This simply isn’t the domain of philosophy. Any philosophy that pretends to answer these questions is a religion — and any philosophy that tries to answer them is an aspiring religion.

  2. Tom Hickey says:

    Generally speaking, since Aristotle’s formulation philosophical questions are “why” questions and inquire into causes. Historically Western philosophy grew out of dissatisfaction with mythological and theological answers. Heidegger summed this up in the fundamental question, “Why is there something rather than nothing,” assuming that deus ex machina is ruled out. Brute facticity can be labeled “experience.” “Why” is the request for an explanation of this given.

    Science is generally about “how” questions. It’s also about causes but in the form of causal mechanisms, later modified to include probability statements.

    Materialism-mechanism-scientism is about how questions. Some hold that answering how satisfactorily accounts sufficiently for why, mechanism being the sole type of cause and other “causes” being merely speculative reasons. Others hold that this just avoids more fundamental questions.

    Wittgenstein held that most “why” questions philosophers address cannot even be formulated in a way that could be answered sensically in his sense. His view seems to have been that there are matters of importance humanistically that we don’t have the ability to capture in language owing to logical limits.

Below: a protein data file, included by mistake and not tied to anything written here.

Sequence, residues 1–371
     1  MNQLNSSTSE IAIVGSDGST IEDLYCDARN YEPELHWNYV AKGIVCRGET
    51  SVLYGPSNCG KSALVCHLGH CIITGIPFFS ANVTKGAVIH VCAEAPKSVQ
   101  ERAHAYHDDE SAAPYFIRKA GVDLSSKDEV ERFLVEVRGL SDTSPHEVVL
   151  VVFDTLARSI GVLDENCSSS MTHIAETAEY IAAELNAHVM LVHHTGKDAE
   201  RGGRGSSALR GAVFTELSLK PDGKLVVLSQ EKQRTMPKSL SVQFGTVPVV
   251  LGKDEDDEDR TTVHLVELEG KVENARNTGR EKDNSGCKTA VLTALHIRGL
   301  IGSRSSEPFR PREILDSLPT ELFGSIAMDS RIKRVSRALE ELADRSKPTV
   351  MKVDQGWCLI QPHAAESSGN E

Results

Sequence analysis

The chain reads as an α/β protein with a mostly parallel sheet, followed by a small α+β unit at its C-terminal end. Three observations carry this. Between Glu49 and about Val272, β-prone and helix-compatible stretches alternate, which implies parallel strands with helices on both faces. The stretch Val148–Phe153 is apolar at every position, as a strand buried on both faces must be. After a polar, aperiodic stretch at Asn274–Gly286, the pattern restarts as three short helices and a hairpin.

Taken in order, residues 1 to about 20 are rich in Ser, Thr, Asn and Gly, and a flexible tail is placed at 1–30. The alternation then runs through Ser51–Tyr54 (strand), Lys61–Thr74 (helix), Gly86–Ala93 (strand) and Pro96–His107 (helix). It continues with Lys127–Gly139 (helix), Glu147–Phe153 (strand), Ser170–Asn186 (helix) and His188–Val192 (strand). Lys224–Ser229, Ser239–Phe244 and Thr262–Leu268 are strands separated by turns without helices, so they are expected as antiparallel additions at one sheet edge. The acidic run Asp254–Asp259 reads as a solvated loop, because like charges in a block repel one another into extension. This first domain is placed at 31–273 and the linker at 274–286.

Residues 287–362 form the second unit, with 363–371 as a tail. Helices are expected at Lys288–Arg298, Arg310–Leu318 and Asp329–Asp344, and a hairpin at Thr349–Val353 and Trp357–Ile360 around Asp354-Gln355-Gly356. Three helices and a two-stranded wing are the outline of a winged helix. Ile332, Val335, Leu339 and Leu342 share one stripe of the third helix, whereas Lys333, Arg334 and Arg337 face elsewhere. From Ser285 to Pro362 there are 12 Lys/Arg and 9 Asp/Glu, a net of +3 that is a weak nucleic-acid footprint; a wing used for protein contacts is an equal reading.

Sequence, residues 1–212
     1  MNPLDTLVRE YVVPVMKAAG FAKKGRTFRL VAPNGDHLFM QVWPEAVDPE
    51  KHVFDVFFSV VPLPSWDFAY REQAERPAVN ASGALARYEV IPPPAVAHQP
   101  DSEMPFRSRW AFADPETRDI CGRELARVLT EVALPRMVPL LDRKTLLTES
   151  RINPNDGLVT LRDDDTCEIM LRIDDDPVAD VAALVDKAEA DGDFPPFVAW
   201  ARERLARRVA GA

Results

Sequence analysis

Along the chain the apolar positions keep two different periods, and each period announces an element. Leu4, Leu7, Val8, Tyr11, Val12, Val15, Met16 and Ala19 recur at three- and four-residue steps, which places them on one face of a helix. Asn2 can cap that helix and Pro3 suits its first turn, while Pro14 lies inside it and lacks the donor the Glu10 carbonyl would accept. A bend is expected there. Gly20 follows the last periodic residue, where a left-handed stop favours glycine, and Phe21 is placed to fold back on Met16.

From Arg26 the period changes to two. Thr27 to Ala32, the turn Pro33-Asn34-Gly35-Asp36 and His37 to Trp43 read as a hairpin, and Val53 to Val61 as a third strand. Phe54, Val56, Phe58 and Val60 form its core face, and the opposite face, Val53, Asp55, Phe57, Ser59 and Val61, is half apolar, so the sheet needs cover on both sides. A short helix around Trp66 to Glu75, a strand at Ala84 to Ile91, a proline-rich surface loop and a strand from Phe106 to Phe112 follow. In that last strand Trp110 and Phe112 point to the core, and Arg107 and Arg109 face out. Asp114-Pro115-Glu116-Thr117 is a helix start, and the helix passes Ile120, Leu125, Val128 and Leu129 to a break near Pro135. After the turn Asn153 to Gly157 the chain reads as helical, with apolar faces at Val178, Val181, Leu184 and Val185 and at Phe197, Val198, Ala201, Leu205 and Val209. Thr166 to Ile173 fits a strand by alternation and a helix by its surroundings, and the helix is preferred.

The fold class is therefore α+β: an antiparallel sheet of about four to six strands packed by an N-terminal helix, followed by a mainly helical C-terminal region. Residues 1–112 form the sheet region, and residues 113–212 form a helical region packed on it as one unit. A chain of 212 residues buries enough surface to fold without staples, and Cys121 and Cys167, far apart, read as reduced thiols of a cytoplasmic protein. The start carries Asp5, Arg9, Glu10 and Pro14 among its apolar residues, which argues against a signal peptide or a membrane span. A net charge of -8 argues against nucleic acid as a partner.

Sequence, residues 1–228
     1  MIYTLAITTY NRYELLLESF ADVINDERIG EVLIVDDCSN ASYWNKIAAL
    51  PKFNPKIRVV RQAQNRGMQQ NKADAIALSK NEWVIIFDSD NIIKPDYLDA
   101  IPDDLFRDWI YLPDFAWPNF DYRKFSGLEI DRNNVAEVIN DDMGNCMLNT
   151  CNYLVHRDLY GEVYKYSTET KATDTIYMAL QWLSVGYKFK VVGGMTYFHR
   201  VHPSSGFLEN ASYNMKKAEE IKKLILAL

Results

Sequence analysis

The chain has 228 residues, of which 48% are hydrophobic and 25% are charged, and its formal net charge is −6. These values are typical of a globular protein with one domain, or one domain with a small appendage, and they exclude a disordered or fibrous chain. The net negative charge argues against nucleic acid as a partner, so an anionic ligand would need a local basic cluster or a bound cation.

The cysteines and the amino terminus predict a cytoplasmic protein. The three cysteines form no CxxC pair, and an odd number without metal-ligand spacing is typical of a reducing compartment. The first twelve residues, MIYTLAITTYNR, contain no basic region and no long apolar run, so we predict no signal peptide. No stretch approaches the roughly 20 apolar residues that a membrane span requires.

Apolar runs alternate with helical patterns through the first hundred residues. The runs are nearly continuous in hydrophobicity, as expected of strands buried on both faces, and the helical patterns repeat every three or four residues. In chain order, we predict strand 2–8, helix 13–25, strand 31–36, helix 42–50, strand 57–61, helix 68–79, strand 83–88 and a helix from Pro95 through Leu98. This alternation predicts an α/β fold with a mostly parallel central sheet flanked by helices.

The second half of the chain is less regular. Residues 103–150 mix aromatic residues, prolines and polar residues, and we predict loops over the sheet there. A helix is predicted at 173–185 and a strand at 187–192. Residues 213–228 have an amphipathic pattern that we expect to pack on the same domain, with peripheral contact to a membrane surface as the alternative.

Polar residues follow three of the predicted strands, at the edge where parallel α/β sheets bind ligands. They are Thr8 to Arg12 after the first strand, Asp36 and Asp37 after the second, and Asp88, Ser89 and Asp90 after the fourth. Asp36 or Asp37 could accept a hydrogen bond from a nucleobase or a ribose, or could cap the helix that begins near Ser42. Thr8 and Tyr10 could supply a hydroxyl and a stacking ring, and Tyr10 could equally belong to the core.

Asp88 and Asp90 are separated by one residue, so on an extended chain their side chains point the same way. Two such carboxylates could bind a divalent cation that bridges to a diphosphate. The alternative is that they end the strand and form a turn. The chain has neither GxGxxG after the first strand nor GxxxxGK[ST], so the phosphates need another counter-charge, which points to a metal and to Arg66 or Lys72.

3. Tom Hickey says:

    Wittgenstein was not adverse to other forms of expression such as myth and poetry as long as one did not confuse them with scientific description, which many people tend to do. Wittgenstein was as much an aesthete as a logician trained as an engineer. He was disappointed that the Vienna Circle took the Tractatus to be a positivist manifesto, for example.

    LW was not a reductionist, and he did not think that the limits of language imposed limits on experience. Some aspects of experience, perhaps even the most significant, cannot be captured in language and communicated to others. But that doesn’t imply that they don’t exist or are unimportant.

    The elusive area of quality and qualia are included in this. His final notes were published posthumously as Remarks on Colour, for instance.